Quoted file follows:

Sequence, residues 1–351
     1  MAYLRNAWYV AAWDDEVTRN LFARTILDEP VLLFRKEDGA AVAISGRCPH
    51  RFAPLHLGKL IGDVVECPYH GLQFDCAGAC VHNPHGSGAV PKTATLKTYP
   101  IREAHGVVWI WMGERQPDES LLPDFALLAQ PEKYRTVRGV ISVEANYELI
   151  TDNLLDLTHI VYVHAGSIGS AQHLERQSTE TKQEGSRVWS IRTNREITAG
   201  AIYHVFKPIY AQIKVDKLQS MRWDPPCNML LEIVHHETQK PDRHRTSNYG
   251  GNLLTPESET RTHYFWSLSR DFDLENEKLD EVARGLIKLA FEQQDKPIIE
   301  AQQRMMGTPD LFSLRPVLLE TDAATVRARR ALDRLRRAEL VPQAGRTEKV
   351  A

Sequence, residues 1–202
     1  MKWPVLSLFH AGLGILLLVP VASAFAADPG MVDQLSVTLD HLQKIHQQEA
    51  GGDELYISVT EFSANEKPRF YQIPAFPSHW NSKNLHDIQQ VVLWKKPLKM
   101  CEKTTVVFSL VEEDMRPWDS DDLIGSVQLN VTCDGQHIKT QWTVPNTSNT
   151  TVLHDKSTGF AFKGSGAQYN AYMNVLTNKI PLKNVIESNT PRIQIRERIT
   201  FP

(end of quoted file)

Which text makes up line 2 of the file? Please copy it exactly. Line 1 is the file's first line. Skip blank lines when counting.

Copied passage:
     1  MAYLRNAWYV AAWDDEVTRN LFARTILDEP VLLFRKEDGA AVAISGRCPH